- Check your homeowners insurance policy – many insurance companies are mandating a separate, sometimes percentage (%) wind / hail deductible at renewal. What is a percentage (%) deductible?
Insurance companies can calculate deductibles as either a fixed dollar amount or a percentage of your home’s insured value. A dollar deductible provides an easy way to anticipate the amount you are responsible for in the event of a covered loss. For example, if you have a $500 deductible, you are responsible for $500 of the loss and the company pays for the rest of your loss, up to the policy limits. Percentage deductibles are calculated as a percentage (%) of your home’s insured value and
not a percentage of the claim amount. For example, if your home is insured for $100,000 with a 1% deductible, you would be responsible for $1,000 of any loss. A 2% deductible on that same policy means you’re responsible for $2,000 of any loss.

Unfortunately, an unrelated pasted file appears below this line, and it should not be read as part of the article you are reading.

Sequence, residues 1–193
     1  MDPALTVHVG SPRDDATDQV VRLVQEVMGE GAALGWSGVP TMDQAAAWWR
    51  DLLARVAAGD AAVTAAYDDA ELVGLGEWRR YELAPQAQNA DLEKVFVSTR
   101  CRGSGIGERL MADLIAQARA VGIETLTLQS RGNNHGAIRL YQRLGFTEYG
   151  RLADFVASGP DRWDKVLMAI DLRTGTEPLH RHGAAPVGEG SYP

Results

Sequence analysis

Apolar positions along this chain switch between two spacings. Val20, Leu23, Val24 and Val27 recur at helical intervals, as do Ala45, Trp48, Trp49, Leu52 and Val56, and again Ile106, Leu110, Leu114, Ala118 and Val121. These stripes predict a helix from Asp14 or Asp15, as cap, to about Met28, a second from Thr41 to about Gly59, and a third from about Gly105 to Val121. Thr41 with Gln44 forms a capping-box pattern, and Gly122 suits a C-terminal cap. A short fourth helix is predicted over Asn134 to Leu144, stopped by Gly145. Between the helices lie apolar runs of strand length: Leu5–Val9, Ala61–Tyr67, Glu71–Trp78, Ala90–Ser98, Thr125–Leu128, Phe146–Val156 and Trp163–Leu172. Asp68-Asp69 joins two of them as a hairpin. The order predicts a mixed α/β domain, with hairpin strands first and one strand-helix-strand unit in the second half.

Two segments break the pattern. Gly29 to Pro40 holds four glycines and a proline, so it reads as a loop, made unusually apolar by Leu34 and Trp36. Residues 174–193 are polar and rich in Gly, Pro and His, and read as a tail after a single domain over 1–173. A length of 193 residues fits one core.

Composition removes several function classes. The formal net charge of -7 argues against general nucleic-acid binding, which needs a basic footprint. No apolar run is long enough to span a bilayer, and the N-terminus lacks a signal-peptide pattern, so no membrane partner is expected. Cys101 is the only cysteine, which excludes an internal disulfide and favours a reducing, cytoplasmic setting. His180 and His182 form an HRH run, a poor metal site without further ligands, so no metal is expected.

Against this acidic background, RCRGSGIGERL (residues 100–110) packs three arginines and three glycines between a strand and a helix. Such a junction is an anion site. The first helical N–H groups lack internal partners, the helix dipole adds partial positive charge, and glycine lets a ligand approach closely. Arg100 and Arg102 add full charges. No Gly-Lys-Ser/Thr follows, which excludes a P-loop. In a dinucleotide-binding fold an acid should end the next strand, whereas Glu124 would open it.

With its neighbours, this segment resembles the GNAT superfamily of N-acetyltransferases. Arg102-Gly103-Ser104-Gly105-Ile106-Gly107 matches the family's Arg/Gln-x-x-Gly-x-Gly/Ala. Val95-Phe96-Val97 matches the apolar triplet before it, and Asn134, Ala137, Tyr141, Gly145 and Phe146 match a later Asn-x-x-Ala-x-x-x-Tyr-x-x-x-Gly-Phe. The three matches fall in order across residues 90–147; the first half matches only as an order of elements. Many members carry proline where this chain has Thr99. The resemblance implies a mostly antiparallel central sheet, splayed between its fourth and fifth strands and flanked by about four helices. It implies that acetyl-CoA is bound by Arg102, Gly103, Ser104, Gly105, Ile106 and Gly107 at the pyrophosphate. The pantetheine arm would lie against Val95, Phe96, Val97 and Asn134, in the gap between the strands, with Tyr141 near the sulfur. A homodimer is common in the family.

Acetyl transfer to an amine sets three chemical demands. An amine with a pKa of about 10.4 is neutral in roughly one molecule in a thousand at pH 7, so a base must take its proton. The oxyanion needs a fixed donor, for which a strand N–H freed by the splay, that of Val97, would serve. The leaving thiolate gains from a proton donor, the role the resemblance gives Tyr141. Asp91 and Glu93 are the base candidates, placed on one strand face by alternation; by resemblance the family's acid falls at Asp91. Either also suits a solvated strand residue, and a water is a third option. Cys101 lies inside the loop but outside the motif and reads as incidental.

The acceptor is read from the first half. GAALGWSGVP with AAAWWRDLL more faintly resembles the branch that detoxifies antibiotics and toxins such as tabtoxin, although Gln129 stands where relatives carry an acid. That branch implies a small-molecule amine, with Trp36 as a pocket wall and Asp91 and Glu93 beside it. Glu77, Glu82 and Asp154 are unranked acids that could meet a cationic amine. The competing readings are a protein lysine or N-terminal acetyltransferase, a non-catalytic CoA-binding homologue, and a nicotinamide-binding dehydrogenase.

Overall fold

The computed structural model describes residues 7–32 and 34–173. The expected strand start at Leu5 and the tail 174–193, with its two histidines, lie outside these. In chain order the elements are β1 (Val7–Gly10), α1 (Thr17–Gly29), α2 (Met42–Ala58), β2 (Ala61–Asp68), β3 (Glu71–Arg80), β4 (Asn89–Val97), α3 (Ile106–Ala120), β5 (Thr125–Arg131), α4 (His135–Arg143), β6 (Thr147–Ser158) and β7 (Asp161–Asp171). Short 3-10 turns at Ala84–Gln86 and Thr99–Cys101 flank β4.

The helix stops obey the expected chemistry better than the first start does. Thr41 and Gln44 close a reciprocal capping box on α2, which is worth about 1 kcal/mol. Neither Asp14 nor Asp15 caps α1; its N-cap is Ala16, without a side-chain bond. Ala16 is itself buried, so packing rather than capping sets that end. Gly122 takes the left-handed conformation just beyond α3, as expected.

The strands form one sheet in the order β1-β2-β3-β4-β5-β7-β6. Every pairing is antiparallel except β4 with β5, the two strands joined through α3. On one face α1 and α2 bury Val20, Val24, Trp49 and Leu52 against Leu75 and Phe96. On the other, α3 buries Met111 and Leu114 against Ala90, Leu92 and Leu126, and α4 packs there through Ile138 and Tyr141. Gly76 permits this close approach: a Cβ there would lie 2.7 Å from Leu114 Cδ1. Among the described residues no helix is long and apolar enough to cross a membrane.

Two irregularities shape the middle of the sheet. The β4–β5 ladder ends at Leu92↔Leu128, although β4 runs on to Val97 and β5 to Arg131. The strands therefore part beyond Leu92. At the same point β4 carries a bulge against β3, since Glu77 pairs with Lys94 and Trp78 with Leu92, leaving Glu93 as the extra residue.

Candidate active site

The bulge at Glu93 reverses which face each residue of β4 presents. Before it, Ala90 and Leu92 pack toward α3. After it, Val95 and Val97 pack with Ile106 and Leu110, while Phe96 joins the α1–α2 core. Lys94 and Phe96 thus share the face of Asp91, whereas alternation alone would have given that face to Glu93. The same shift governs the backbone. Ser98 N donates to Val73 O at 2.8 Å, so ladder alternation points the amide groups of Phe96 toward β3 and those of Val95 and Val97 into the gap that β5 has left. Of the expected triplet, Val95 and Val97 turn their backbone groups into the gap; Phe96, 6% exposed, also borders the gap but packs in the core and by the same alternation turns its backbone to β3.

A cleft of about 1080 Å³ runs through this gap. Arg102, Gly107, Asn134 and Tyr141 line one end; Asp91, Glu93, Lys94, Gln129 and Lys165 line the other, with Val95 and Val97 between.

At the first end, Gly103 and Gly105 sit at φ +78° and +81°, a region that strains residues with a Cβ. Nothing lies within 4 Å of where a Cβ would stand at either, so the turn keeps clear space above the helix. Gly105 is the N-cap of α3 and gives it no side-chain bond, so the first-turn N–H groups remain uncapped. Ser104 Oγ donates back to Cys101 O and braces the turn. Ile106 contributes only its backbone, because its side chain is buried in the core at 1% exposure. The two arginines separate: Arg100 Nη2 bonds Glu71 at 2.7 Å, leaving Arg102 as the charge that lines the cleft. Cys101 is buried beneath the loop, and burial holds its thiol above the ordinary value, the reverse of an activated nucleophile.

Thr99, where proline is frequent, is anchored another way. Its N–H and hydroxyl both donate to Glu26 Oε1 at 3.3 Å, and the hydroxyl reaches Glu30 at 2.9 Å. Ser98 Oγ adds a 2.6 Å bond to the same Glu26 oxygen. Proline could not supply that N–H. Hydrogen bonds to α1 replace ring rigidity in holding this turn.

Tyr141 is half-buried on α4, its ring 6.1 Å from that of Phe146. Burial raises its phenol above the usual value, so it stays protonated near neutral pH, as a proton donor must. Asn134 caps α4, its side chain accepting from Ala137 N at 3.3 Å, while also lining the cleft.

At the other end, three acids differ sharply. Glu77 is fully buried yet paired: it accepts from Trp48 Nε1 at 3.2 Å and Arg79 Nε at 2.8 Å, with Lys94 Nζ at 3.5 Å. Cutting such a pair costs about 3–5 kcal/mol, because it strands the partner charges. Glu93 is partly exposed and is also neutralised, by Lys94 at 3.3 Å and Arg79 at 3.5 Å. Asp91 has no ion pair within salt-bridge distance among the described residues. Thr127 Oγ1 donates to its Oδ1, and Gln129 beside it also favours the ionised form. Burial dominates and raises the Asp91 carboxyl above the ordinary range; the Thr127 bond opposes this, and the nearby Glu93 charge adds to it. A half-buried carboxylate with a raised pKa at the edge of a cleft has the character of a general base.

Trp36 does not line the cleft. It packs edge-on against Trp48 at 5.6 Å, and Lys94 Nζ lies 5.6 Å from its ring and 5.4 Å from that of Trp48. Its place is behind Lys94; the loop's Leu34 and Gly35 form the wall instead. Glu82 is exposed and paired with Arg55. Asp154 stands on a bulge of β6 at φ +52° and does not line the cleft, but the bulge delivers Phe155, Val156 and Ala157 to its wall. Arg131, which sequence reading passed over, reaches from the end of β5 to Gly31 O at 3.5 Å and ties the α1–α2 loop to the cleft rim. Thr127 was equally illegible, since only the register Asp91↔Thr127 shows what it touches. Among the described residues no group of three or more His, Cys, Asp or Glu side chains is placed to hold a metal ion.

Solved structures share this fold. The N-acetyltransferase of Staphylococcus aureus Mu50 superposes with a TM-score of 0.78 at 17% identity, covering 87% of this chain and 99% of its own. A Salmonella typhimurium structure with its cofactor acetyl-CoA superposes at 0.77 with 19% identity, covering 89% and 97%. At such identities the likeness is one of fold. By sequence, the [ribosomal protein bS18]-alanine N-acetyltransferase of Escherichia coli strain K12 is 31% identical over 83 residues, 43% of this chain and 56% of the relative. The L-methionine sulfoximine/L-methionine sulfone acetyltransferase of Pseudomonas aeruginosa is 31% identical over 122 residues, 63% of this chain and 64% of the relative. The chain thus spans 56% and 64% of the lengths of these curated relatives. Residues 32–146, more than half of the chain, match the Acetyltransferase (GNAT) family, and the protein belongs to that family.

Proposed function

Unlike the amount of a dollar deductible, which remains constant, the amount of a percentage deductible increases every time the insured value of your home increases. For example, with a 1% deductible, if your home’s insured value increased from $100,000 to $110,000 upon renewal, you would be responsible for $1,100 of a loss, instead of the $1,000 you were responsible for during the prior policy term.
You may be able to choose the amount of your deductible. This is important because the amount of your deductible can have a direct impact on how much your insurance costs. Choosing a higher deductible means your insurance company bears less of the risk for damage to your home, and this can translate into lower premiums for you. The disadvantage to choosing a higher deductible is that you are responsible for a larger portion of any loss. On the other hand, if you choose a smaller deductible, you’re responsible for a smaller portion of any loss, but your premiums will likely increase. Don’t be afraid to ask your agent to explain what deductible options are available to you, and how each option will impact your coverage and the price of your insurance.